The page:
Unfortunately, your friends in state government have made it easier for utility companies to shut off service -- even in winter. But if you are suffering from economic hardship, or your bill is in error, your best bet is lodging a complaint with the state Office of the Consumer Advocate (800-684-6560). If you're struggling with your bills, you can seek financial help from the Dollar Energy Fund, at 800-683-7036.

I need health care in a hurry, but I don't have insurance. Where can I go?
A couple of options to get you started, all of which offer care for free or on a sliding need-based scale. On the North Side, Allegheny General Hospital supports the Allegheny Adult Ambulatory Clinic (320 E. North Ave., 412-359-3751), which provides immunizations, primary care and other services. East Liberty Family Health Care Center (6023 Harvard St., 412-661-2802) provides pediatric and family care. Women seeking reproductive health services are advised to contact Planned Parenthood of Western Pennsylvania, which offers services Downtown (933 Liberty Ave., 412-434-8971) and elsewhere.

I've been mistreated by the police. What can I do?
The city has not one but two places where you can file complaints about police misconduct. One is the Office of Municipal Investigations (412-255-2804); the other is the Citizen Police Review Board (412-765-8023). Here's the rub: While the review board conducts public investigations, it has no disciplinary power -- it can only recommend discipline where warranted. OMI, by contrast, is an internal-affairs division whose recommendations carry more weight, but which operates confidentially.

Our advice: File a complaint with both offices.

What's up with these chairs lining the curbs of local streets?
Those chairs are like bunkers in the war between Old Pittsburgh and New Pittsburgh. In close-knit but trendy neighborhoods like the South Side, where garages are rare, long-standing residents must compete with visitors for parking close to home. The "parking chair" is an attempt to secure curbside space for residents, on the (usually correct) theory that few people will get out of their cars to move it and take the space.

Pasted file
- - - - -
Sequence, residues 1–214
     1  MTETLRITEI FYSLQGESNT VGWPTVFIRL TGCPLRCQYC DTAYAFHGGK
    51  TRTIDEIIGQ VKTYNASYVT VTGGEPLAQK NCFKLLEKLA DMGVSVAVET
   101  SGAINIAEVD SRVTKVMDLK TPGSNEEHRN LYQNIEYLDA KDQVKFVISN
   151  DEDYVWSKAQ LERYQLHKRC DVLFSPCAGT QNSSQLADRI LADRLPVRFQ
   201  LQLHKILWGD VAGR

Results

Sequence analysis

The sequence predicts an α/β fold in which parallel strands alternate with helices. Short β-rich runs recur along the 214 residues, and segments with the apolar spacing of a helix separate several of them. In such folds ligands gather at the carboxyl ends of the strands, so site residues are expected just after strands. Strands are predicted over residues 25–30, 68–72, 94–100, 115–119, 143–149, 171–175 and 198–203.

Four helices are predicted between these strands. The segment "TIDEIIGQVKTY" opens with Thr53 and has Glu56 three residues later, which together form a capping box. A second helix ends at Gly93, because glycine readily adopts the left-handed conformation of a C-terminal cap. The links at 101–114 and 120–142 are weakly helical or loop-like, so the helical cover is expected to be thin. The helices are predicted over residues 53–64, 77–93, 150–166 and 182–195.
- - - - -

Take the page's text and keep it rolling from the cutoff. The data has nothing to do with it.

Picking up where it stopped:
By law, there's no reason you can't do just that. Streets belong to everyone, and parking chairs have no legal standing. Still, we sometimes hear horror stories about what happens to those who ignore them.

I want to get involved politically, but a lot of local Democrats freak me out. Where can I go?
We sympathize. There are a lot of groups out there making a difference, but the closest thing Pittsburgh has to one-stop shopping for political activism is the Thomas Merton Center. Founded in 1972 and located in Garfield, the Merton Center is caught up in just about everything: antiwar activism, single-payer health care ... you name it, and if they aren't involved directly, they'll put you in touch with someone who is. Learn more at 412-361-3022 or www.thomasmertoncenter.org.

I want to get involved politically, but I'm afraid to leave the basement. How can I stay informed?
Again, we sympathize. Pittsburgh has a small-but-vocal blogging community. The 2 Political Junkies site (2politicaljunkies.blogspot.com) largely weighs on national politics, and beats up on a certain idiotic Pittsburgh Post-Gazette columnist Who Shall Not Be Named. The Burgh Report (burghreport.blogspot.com) is an Internet hub for people who hate Mayor Luke Ravenstahl, while 414 Grant Street (414grantstreet.blogspot.com) beats up on both Ravenstahl and some of the people who beat up on him, too. Some online diversity is provided over at www.pghlesbian.com and a sister site, the Pittsburgh Women's blogging Society (pghwomenbloggers.blogspot.com). True policy wonks -- including many a reporter -- check out Null Space (http://nullspace2.blogspot.com), the blog of research guru Chris Briem.